MP backs diabetes campaign

Grahame Morris MP with Doreen Liversidge outside the Houses of Parliament.
Grahame Morris MP with Doreen Liversidge outside the Houses of Parliament.

AN MP has backed a national campaign to help people with diabetes.

Easington MP Grahame Morris joined forces with Doreen Liversidge, vice chairman of Haswell Parish Council, to get his message to Parliament.

Mrs Liversidge, 67, has Type 2 diabetes and she joined Mr Morris as he backed a call by Diabetes UK for a national plan to improve healthcare for people with the condition.

Mr Morris attended Diabetes UK’s parliamentary launch of its State of the Nation 2012 report, which revealed that just half of people with diabetes are getting the basic checks and services they need to manage their condition.

The charity is urging the Government to implement a national plan for improving diabetes healthcare.

Diabetes UK also held a lobby on the same day at the Houses of Parliament where people with diabetes directly appealed to MPs and Ministers to commit to improving diabetes services and care.

Speaking at the parliamentary launch, Mr Morris said: “If we don’t act now to improve diabetes healthcare then even greater numbers will be at risk of developing devastating health complications such as blindness and amputations.

“The Government must put diabetes at the top of its agenda if we are to prevent what is fast becoming a crisis. I will be talking to local NHS leaders about what can be done to improve diabetes healthcare in my constituency.”

Mrs Liversidge, from Haswell, was diagnosed with Type 2 diabetes around 20 years ago, but says in hindsight she may have had it earlier looking back at the symptoms she had.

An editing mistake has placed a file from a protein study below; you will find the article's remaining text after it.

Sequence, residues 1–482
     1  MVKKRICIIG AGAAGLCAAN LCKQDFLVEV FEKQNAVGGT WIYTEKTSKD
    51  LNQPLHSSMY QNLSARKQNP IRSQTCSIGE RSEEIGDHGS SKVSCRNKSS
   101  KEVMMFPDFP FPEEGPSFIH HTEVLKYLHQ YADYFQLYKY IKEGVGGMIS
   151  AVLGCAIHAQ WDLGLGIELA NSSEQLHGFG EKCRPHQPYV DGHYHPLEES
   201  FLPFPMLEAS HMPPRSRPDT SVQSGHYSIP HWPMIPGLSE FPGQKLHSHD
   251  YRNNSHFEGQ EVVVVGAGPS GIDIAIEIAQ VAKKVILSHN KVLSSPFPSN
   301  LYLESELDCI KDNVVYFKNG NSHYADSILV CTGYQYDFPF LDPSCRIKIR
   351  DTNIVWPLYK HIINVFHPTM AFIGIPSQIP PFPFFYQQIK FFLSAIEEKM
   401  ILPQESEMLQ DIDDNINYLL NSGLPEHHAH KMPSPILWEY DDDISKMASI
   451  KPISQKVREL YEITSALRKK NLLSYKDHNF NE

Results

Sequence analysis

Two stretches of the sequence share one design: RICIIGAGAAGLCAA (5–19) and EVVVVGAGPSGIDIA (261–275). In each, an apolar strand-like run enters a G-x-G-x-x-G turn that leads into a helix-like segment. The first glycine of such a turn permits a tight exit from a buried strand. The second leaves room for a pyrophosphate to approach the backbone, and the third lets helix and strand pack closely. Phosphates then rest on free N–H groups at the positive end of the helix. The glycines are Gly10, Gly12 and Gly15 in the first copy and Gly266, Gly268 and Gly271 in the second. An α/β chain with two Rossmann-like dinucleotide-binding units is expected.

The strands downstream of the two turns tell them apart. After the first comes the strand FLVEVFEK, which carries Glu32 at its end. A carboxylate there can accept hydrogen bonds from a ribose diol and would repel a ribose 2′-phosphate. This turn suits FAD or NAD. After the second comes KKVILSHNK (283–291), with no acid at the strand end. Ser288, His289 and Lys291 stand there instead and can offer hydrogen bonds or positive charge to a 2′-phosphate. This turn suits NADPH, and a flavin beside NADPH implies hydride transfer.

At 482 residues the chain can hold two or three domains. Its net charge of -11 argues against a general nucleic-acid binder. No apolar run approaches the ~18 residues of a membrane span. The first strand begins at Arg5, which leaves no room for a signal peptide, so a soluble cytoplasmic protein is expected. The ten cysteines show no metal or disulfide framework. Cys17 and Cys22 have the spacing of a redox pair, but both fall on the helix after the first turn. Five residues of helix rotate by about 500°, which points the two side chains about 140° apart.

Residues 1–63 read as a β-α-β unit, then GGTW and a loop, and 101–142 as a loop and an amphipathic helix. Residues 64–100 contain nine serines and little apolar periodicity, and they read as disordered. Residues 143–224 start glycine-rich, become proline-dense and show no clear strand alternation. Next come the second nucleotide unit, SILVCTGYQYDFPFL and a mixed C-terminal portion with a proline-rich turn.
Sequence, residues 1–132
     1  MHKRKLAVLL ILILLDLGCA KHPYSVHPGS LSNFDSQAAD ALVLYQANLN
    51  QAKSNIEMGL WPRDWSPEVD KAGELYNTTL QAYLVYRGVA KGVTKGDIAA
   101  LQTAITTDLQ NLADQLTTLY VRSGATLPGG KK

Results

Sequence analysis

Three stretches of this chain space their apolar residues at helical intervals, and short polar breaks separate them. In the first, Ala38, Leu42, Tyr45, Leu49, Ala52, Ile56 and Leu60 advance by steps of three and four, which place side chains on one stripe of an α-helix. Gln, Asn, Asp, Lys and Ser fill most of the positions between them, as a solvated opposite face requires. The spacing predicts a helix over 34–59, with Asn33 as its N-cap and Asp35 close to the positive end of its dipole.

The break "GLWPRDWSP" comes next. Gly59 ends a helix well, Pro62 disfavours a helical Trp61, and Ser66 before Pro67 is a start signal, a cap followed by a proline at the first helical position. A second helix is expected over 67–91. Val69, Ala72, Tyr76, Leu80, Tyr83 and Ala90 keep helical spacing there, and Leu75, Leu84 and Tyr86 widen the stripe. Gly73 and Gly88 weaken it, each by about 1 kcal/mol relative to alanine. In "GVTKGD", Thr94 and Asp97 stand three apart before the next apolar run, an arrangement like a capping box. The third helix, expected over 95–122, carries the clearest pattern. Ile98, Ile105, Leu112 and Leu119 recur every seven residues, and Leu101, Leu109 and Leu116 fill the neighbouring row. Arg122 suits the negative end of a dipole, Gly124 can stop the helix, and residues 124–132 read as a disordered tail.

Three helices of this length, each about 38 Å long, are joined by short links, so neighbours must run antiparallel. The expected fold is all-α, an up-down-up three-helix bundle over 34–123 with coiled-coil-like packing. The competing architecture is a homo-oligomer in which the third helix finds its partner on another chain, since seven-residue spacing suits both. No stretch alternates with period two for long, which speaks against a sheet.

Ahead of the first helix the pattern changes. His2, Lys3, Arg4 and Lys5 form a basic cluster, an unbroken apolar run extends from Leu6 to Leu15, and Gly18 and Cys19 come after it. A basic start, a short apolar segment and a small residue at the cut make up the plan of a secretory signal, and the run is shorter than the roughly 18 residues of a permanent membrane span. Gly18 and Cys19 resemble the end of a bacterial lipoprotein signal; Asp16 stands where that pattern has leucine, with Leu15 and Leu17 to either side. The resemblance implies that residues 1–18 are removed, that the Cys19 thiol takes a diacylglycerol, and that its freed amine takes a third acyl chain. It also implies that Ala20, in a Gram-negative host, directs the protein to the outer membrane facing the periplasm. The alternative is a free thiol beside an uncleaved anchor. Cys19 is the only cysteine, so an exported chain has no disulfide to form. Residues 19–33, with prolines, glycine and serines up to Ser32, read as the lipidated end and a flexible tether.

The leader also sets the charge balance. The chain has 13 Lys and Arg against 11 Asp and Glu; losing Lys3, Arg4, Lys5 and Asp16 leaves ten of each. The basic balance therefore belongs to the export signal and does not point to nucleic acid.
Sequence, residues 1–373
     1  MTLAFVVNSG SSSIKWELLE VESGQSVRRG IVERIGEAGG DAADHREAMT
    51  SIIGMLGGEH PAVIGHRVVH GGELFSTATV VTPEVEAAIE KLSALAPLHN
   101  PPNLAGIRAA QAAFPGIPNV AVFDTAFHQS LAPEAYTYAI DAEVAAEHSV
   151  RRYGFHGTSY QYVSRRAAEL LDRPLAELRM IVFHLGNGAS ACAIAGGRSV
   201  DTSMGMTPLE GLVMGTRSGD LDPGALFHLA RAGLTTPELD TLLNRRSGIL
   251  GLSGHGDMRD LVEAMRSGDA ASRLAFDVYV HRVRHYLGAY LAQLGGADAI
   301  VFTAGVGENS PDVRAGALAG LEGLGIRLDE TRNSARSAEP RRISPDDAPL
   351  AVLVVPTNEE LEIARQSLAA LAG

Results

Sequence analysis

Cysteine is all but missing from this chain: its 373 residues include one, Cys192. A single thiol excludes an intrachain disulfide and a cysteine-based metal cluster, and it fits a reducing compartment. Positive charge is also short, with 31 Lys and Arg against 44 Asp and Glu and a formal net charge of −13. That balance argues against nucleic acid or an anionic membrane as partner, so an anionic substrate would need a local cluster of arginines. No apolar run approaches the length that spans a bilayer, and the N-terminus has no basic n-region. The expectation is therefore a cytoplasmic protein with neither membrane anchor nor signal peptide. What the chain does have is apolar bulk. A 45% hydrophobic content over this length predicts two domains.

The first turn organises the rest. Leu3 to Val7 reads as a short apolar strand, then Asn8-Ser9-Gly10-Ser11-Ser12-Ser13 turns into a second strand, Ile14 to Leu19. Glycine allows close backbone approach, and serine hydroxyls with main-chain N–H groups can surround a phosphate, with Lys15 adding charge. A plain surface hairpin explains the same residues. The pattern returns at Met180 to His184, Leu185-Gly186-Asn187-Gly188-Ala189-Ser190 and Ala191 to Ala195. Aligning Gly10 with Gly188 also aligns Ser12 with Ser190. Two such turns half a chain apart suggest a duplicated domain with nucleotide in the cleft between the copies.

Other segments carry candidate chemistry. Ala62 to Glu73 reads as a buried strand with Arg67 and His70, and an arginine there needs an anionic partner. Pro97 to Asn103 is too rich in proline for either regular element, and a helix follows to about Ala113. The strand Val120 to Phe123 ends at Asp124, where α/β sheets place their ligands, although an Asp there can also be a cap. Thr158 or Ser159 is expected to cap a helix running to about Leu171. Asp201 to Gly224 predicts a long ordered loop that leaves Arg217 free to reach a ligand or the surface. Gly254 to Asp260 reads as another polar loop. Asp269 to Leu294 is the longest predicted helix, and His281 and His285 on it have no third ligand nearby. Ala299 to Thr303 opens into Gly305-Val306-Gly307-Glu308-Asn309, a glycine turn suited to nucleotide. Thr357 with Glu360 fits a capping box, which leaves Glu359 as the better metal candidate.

She added that her mother, Iris Bell, from Seaham, and her three brothers and sister are also diabetes sufferers.

Mrs Liversidge, who is married to parish council chairman Alan, who attended Parliament with her, is a representative for Diabetes UK known as a “voice”.

She said: “We are trying to get a better service and what we would really like is for people to be screened for diabetes.”

She urged anyone who thinks they may be diabetic to get checked out by their doctor and added that if the symptoms were caught earlier it could save the NHS millions of pounds.

Mrs Liversidge, who also runs the Hazlewell Centre, in Windsor Terrace, Haswell, added that there are simple lifestyle steps, including improved diet and fitness to control symptoms.

She added: “Unless you look after yourself, it can get worse, but people can live with it without any problems.”

Barbara Young, chief executive of Diabetes UK, said: “Diabetes has become one of the biggest health challenges we face, with 3.7m people with diabetes in the UK and 7m people at high risk. Our State of the Nation report shows many people with diabetes are being badly let down by the poor quality of services on offer, which puts them at increased risk of developing life threatening complications and premature death. This is simply not good enough.

“We need effective treatment, services focused on prevention, early diagnosis, and greater screening if we are to effectively tackle this issue. This is why we are calling for a Government implementation plan to deliver this. The human and financial cost is simply too big to ignore.”

Diabetes UK’s State of the Nation report can be downloaded at www.diabetes.org.uk